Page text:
More important than the inaccuracies (and makeup malfunctions) is what “Mandela: Long Walk to Freedom” (which stars Idris Elba) erases. Among its elisions are the Cold War, communism (the South African Communist Party recently confirmed that Mandela was indeed a member, which had been something of an open secret for years), U.S. support for apartheid and the apartheid state’s sponsorship of so-called black-on-black violence in the 1980s and early 1990s. (In the film, it seems that Winnie Mandela, painted as an irrational, Lady Macbeth–like character, was the cause of the violence, which in fact resulted from clashes between forces aligned with the African National Congress and state-funded proxy organizations like the nominally Zulu nationalist Inkatha.)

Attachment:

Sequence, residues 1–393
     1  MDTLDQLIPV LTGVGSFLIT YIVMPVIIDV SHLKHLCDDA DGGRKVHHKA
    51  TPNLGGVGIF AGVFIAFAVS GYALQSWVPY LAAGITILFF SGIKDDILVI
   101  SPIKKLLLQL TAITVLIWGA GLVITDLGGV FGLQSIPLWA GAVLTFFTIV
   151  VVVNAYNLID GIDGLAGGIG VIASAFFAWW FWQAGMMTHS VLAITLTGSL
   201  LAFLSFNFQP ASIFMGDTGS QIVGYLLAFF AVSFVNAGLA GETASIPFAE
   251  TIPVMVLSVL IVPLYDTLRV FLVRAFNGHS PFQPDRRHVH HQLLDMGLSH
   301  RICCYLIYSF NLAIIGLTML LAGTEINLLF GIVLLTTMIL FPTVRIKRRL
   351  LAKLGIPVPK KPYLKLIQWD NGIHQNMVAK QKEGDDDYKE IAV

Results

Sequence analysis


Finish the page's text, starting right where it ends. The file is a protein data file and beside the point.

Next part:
There are other film critics who are intellectual–like Stuart Klawans at The Nation, Armond White (he was good once) and Stanley Kaufmann at The New Republic–but they lacked Ebert’s accessibility and heart. (Ebert, by the way, had an acute sense of the racial political economy in US cinema, as Richard Prince blogged at The Root). Ebert, who traveled to Apartheid South Africa as a young man, also reviewed a lot of African films.